He filed a court brief in response to a western Colorado man's contention that Mesa County prosecutors improperly charged him with crimes for manufacturing hash oil after an explosion injured him and damaged his home. An attorney for Eugene Christenson argued in a court filing that hash oil production is legal under a portion of the new law allowing the processing of marijuana plants. Court records show Christenson was also charged with arson and reckless endangerment.

46
BrandSpeak: Why MBAs Across America hit the road for small businesses

That’s where MBAs Across America comes in. The organization, which he laughingly calls a “domestic Peace Corps for MBAs,” helps small businesses by connecting them with MBAs. Volunteers spend six weeks of the summer traversing the country and working hands-on with entrepreneurs, offering advice on everything from finances to marketing.

47
How You Can Up Your Marketing Game In 2015

2. Marketing leaders will, out of necessity, forge alliances with more recruiters and universities. As marketers take a bigger role in funding, designing, and leading digital engagement programs, they struggle to find data scientists and marketing technologists. According to an April 2014 Gartner study, CEOs said that they believe that the most important technology-enabled investment over the next 5 years is digital marketing. Kimberly-Clark, LinkedIn, and Symantec now have "VPs of Marketing Technology." What mutually favorable alliances can you create?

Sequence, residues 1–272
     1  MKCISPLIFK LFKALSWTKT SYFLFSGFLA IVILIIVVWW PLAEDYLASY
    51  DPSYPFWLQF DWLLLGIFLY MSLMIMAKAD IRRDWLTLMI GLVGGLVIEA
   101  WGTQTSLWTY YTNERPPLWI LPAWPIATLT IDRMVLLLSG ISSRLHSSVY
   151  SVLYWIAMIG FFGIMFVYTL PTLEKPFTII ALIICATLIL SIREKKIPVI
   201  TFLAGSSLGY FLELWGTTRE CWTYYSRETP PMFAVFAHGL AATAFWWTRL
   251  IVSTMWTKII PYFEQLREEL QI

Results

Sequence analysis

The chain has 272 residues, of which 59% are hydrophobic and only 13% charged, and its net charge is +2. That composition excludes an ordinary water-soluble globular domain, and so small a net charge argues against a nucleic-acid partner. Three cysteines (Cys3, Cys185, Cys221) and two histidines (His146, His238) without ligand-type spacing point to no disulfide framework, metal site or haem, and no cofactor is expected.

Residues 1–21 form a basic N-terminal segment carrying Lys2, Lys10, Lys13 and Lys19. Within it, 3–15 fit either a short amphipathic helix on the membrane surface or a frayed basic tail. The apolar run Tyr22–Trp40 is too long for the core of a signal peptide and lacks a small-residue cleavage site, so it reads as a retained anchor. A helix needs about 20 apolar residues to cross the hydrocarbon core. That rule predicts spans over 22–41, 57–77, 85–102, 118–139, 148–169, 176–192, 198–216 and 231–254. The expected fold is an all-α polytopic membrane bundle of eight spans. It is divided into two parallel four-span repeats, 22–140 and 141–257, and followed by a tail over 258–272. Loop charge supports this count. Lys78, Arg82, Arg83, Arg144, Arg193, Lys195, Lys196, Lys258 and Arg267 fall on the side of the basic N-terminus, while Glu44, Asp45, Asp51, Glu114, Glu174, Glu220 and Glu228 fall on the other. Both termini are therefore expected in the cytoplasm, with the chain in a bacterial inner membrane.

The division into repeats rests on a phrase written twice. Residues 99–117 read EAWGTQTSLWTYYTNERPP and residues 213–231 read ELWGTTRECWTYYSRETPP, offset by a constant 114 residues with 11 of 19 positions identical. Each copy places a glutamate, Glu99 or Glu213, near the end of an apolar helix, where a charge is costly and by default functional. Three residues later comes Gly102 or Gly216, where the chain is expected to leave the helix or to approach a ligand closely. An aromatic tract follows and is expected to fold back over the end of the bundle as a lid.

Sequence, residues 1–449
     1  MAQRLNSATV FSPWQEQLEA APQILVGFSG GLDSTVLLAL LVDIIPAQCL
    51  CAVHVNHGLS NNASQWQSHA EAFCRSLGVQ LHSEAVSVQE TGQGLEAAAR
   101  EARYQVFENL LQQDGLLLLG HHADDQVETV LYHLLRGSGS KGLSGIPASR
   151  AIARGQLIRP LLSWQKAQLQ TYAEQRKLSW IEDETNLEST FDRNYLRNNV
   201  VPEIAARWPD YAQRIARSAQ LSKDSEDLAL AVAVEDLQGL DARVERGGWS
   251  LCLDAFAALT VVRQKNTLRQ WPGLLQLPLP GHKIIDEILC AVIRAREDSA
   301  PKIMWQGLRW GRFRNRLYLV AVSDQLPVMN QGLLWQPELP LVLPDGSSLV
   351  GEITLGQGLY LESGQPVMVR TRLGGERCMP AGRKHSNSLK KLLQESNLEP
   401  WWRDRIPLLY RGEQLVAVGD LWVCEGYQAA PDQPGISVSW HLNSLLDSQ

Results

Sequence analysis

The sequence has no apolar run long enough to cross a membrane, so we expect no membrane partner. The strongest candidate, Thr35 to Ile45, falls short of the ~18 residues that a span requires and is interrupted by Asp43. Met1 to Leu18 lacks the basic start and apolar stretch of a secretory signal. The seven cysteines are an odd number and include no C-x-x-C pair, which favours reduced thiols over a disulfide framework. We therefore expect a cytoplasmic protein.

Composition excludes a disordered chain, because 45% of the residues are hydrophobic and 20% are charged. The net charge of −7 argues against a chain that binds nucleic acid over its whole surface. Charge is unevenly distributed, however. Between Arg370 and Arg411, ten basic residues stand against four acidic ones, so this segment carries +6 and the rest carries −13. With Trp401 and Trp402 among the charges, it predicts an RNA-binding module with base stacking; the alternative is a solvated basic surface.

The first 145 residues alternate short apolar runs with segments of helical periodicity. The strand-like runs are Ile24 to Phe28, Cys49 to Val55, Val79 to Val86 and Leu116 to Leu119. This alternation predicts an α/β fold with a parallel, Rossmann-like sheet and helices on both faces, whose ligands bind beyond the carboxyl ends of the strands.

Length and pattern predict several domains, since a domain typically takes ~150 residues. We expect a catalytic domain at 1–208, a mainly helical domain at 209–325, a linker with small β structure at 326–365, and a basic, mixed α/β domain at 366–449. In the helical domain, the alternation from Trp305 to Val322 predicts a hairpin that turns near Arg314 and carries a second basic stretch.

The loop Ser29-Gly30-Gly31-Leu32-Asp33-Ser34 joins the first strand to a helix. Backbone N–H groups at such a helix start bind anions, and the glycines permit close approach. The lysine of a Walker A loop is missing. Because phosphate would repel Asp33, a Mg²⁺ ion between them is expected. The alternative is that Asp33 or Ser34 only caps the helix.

48
The 10 best business apps you need right now

(CNN) -- Getting bogged down filing pesky invoices? Need a new way to organize your workforce on the go? Then take a look at the apps transforming the business world, from expenses-trackers to handy group scheduling services. Whether it's accessing your office desktop while on the move or assigning tasks to employees, the working world is available at the touch of a button -- essential for keeping your business running smoothly 24/7.